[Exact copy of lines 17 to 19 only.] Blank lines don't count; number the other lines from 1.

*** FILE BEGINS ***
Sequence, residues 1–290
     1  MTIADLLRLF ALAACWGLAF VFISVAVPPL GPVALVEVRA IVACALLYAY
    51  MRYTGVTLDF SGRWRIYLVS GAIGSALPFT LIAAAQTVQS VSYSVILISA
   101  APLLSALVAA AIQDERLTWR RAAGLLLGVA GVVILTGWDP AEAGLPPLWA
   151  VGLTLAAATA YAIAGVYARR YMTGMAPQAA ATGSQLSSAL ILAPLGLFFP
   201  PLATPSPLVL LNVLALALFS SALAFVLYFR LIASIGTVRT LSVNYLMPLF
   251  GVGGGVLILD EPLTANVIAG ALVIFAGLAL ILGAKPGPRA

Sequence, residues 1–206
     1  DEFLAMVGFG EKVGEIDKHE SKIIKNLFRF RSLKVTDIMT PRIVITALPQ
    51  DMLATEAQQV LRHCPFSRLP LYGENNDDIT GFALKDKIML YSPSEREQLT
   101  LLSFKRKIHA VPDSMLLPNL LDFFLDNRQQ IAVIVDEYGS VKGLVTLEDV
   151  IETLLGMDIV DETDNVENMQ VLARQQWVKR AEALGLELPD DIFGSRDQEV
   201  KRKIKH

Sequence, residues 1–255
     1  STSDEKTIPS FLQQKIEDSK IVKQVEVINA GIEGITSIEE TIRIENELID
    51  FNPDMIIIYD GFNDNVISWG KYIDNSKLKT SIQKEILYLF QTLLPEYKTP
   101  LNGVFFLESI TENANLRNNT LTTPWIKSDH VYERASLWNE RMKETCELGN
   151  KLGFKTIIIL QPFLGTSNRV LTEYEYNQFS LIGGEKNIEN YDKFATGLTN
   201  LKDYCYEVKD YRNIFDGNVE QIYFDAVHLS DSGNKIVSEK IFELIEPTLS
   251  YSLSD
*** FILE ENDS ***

   101  LNGVFFLESI TENANLRNNT LTTPWIKSDH VYERASLWNE RMKETCELGN
   151  KLGFKTIIIL QPFLGTSNRV LTEYEYNQFS LIGGEKNIEN YDKFATGLTN
   201  LKDYCYEVKD YRNIFDGNVE QIYFDAVHLS DSGNKIVSEK IFELIEPTLS